While many grumble that suing for even minor accidents has become the norm, there are positive benefits as the attitudes of companies and bodies to safety improves hugely, writes Dan Buckley
NEVER a man to mince his words even when it comes to his own profession, Michael McDowell was commenting on the propensity of Irish people to sue for the consequences of life’s little mishaps.
In a review of Irish civil law, McDowell attacked our legal system that supports a culture of compensation. He cited “ambulance-chasing solicitors”, “Santa Clause” judges and “sue-happy” plaintiffs as the reason why things were getting out of hand.
He was addressing a very receptive audience at a conference organised by the employers’ organisation, Ibec. They heard him assert that there exists a general attitude that claims for compensation are fair game for many people and that, because the cost is diffused by insurance, those claims are encouraged rather than discouraged.
Lamenting the uproar that follows when pedestrians are threatened with prosecution for ignoring the rules of the road, he said: “If a motorist hits a jaywalker or a motorcycle courier who is ignoring lane discipline, the motorist, because he or she is insured, is found liable as a matter of course.”
He made those comments in 1998, before he became attorney general and later minister for justice, yet little has changed since then, either in the application of the civil law or in to our willingness to sue.
When Mr Bumble declared: “the law is a ass…” in Charles Dickens’ Oliver Twist, he was grumbling about the Victorian legal presumption that a wife always acted under the instruction of her husband. These days he might well think in terms of the law of negligence as it applies in the US and, increasingly, Ireland and Britain.
While neither Mr McDowell nor Mr Bumble addressed the law as it pertains to childhood accidents, there is growing concern even the mildest injury suffered by a minor will end up in court. What used to be considered a part of growing up — split lips, broken leg, fall from tree, playground injuries — now attracts awards or settlements of thousands of euro if someone who is wealthy or insured can be found to blame, wholly or in part.
When it comes to lively and boisterous children, an accident may be just an accident and nobody is to blame, yet the reality is that if an injury occurs on public property or a premises owned by an insured business, the courtroom beckons and the insured person or company will be held accountable. If there is nobody worth suing, there will be no proceedings.
It is not the child who will make this determination but the parent or guardian. Children are represented by adults when making a personal injury claim. The statute of limitations applies differently in children’s personal injury claims. Under the statute, which normally limits the plaintiff’s right to claim to two years after “the date of knowledge” of the injury, allowance is made so that in the case of a minor the date of knowledge of the injury is the child’s 18th birthday.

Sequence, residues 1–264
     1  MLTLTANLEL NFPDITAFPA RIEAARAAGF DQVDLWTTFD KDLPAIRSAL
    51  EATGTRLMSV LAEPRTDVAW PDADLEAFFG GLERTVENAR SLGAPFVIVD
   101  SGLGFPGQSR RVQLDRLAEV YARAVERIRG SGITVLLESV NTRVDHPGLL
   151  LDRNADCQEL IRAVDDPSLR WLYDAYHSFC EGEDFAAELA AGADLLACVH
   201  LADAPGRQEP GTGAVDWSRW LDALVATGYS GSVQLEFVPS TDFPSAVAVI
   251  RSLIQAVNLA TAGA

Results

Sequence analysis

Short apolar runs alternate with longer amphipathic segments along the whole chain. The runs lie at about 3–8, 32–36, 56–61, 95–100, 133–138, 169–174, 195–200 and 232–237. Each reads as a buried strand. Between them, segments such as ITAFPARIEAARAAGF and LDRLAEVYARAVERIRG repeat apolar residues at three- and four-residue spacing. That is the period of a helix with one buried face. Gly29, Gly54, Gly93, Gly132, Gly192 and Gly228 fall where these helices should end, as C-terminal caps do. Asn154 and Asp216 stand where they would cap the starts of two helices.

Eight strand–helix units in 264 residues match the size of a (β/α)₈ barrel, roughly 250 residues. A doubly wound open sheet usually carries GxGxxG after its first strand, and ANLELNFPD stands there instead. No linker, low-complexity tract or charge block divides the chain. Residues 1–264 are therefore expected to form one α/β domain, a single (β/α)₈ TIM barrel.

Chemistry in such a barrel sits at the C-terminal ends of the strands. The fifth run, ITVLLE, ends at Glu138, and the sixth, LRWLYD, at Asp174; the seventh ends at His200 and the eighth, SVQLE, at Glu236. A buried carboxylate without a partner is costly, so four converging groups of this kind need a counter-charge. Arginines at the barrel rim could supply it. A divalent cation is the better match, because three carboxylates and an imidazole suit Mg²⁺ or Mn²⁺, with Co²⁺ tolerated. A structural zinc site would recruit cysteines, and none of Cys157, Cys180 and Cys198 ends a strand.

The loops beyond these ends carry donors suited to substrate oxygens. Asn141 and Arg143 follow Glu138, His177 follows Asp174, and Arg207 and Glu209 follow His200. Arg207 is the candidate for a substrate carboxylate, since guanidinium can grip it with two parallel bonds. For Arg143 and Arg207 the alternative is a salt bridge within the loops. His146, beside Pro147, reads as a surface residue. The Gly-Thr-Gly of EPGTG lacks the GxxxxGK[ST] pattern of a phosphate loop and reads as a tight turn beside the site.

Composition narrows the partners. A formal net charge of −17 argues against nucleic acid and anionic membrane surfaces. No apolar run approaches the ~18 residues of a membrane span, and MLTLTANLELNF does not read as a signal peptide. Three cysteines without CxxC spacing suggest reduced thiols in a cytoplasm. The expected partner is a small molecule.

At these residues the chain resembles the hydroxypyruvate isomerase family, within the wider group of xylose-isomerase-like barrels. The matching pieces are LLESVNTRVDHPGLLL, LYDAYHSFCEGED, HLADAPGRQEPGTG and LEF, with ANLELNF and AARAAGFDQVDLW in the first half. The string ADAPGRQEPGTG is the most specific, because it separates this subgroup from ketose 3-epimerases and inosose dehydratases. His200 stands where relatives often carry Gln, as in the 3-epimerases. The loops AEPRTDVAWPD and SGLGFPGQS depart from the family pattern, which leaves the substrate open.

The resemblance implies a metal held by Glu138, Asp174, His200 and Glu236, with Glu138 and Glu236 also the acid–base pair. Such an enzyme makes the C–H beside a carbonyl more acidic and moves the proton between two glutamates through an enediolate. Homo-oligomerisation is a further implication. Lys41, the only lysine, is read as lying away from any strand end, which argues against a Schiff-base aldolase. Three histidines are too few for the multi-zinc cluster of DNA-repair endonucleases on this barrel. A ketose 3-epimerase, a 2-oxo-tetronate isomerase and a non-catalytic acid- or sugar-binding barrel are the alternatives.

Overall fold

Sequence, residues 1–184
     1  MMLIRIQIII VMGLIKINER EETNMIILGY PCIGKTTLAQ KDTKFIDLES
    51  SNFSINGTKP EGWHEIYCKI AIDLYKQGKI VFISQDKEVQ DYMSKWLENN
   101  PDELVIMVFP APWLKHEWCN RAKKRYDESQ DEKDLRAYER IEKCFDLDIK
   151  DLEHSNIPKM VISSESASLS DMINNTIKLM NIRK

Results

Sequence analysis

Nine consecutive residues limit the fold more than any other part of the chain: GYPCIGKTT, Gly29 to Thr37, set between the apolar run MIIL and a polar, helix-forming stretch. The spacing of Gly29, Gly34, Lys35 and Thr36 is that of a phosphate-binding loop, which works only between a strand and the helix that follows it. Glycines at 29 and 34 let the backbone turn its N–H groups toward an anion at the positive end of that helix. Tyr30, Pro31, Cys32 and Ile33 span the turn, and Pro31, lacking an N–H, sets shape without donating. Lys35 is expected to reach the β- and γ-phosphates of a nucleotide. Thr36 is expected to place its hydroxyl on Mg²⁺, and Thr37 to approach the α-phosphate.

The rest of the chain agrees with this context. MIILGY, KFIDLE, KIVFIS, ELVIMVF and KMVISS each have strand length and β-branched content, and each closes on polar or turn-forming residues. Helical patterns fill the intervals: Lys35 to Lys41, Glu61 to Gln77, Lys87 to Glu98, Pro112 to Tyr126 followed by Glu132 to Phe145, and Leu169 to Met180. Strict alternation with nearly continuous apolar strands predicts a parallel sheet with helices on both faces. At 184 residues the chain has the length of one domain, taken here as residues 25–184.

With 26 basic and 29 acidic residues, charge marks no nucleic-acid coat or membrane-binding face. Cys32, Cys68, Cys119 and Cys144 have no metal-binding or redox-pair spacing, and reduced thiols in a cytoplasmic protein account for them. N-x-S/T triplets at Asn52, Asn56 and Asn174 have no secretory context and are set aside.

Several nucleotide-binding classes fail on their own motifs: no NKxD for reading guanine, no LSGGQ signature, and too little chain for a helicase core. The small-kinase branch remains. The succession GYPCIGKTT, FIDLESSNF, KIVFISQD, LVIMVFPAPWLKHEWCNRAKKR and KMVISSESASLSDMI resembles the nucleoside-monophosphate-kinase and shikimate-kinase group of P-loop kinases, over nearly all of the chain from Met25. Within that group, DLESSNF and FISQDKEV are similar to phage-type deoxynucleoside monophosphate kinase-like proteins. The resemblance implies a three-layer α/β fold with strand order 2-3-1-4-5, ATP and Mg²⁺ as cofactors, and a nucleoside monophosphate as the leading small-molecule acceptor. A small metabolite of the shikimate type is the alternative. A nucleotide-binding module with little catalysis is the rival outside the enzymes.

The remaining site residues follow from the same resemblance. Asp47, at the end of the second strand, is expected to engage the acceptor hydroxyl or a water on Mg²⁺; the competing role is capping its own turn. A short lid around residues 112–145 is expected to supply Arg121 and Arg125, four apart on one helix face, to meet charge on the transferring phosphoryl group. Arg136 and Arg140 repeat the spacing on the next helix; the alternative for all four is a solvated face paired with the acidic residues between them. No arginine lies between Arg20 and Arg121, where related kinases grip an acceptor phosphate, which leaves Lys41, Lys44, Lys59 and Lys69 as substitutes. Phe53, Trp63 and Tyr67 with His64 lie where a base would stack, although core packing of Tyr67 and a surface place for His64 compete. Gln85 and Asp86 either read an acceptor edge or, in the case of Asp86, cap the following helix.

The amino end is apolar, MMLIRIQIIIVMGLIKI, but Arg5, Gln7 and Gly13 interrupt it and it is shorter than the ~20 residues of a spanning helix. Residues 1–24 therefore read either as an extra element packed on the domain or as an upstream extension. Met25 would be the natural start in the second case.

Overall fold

Proponents of rigorous litigation argue that a litigious society makes for a safer one as it ensures that councils, businesses and other enterprises take safety seriously if they fear they will be sued. Where many business owners might be tempted to cut corners on safety, the threat of being sued puts manners on them in a way that no amount of penal legislation can.
That threat means that many enterprises have to be fully insured against accidents from the day they open their doors. Yet, in some respects, that has served to close the circle on our compensation culture. A study presented to the Society of Actuaries in Ireland concluded that insurance has lead to a more litigious society in Ireland. Although the study is now almost a decade old, its findings are still apt.
Marian Keane and Patrick Grealy looked at — among other things — the benefits that non-life insurance has brought to society. They concluded the risk of litigation has, to some extent, led to a fairer society in which wrongdoers are punished and victims are compensated. That means individuals and firms are forced to take more precautions and act more carefully. This is borne out by the fact that, for instance, Ireland has the lowest workplace accident rate in the EU. Among the benefits of insurance were:
* Peace of mind: The insured replaces the uncertainty of loss with the certainty of a known premium.
* Efficient use of resources: Businesses are able to free up capital that would otherwise have to be put aside to guard against contingencies. Thus insurance encourages the growth of industry.